8. Vayra at The Mad Queen's Court has an interesting approach to languages in that some of them seem to provide a mechanical effect in line with that of the language's flavor, making them more of a skill to acquire. There is, for example, the Trader's Cant (the common language) which imposes a -2 penalty on any interactions other than haggling when using that language or the High Charter, which is so incredibly deep and complex that allows an Intelligence roll instead of a Charisma check to influence other speakers. All the languages are setting specific, as all languages should be, and they contribute a great deal to world-building, but I guess making them a skill to learn with an added benefit/restriction is an interesting approach.

    Maybe that could be one of the solutions. Speaking a language means, after all, looking at the world through a particular lens. Perhaps you cannot be shoved around or knocked prone when grinding your teeth to communicate with stone, but at the same time you become so heavy and thick and incredibly stubborn that you sink to the bottom if you try to swim or must pass a Wisdom/Will/Presence check to follow any plans not suggested by you.

    Or the Inquisitorial language, which makes it unable for you to tell a straight lie but allows you to ask yes/no questions with a Charisma/Language check that the "suspect" must answer truthfully (everyone you talk to is a suspect when speaking this language).

    This would make languages a treasure of its own kind perhaps and getting to learn them could become its own adventure. As per the skill system, I don't know, they just get the bonuses to whatever thing the the language allows them to do or something.

    1. Huh. I really like the idea of a language giving you a benefit beyond just communication. Like, if you speak Neropian, you can read the words on the ancient monuments, but you can also speak to the dead if your skill gets high enough.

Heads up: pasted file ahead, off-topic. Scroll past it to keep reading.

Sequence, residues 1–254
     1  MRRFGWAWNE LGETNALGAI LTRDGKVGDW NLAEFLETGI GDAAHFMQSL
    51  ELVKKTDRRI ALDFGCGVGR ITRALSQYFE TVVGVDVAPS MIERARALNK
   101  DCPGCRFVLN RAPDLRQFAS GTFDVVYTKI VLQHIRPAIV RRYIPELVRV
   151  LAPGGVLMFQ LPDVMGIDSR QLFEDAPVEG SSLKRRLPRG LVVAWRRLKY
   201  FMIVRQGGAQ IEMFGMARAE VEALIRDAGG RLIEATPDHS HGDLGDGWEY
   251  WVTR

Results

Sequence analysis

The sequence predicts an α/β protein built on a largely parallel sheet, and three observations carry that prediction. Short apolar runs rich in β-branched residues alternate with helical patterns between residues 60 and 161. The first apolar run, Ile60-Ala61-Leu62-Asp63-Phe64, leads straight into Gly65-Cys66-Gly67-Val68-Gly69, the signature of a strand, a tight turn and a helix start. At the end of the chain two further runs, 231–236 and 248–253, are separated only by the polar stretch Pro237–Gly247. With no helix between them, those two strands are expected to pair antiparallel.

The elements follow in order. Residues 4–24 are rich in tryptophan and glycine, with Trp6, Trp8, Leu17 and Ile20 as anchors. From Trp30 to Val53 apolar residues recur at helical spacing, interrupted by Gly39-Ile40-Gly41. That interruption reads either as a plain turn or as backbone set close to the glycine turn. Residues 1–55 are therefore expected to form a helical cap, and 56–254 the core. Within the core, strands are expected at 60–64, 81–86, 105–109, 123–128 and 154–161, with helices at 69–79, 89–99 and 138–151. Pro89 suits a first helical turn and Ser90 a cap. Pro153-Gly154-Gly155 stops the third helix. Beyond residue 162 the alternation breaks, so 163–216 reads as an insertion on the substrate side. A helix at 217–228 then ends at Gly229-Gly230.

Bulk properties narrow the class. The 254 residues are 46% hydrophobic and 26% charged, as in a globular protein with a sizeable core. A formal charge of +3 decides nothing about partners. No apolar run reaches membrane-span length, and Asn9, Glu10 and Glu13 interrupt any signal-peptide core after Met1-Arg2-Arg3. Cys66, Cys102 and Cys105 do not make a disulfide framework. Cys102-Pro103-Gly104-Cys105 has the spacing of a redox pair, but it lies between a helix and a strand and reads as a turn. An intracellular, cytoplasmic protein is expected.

Neropian - speak with dead.

      Elvish - point to point encryption (can shout secrets in a crowded room, no one but the person you are talking to can understand you)

      Orcish - bonus to save vs divine spells

      Dwarven - +1 HP

      Honestly, the idea of "learn dwarvish, you'll get an extra +1 HP" is such a fun one for me. I don't think I'd use that one, exactly (too synergistic) but I still love the idea.

  9. I think a lot of the issue is that languages are generally done in a "everyone speaks common" in one camp and then "only a very specific group speaks this language" in the other camp. What I think would make language more useful and interesting is if there were a group of other "commons" you could learn. Eg. the orcs/goblins/kobolds/trolls etc all speak Outlander which is the common that exists outside civilization so knowing it guarantees parlay (or at least the chance to offer it) instead of hoping they have someone who speaks common. Dungeons tend to have writing in The Old Tongue on them (effectively latin) which is also what dragons and similar ancient creatures speak which lets you try to read the description of the old pedestal with the nondescript ring on it. Animals all have their own simple tongue for those who want to put in the time to learn it. The etc. This way language choice isn't randomly choosing a group of people, it's a set of skills that makes you better at certain specific things like any other in your toolbox. Diplomacy is a lot easier when you aren't both doing the equivilent of "Me" *points to self* "El Looko" *mimes looking around* "magic-o.. anillo? yeah, ANILLO!" * points to hand *

  10. I tend to say everyone _can_ speak common (or at least has an interpreter), but because of politics, fluency, or general distrust of outsiders will speak other languages when they can.

    If you need to speak to them, Common will do, but knowing the right language opens up options like eavesdropping or speaking to the rank-and-file directly.